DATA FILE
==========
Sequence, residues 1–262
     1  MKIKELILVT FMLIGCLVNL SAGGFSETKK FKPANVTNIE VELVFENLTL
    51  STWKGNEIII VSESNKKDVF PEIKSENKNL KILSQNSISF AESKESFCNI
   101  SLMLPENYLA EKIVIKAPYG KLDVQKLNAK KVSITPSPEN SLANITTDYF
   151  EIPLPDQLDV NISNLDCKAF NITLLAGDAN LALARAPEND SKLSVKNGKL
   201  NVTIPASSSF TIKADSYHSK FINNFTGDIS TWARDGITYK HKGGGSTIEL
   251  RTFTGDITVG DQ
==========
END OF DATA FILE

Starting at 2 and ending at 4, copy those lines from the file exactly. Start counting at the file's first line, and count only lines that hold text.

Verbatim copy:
     1  MKIKELILVT FMLIGCLVNL SAGGFSETKK FKPANVTNIE VELVFENLTL
    51  STWKGNEIII VSESNKKDVF PEIKSENKNL KILSQNSISF AESKESFCNI
   101  SLMLPENYLA EKIVIKAPYG KLDVQKLNAK KVSITPSPEN SLANITTDYF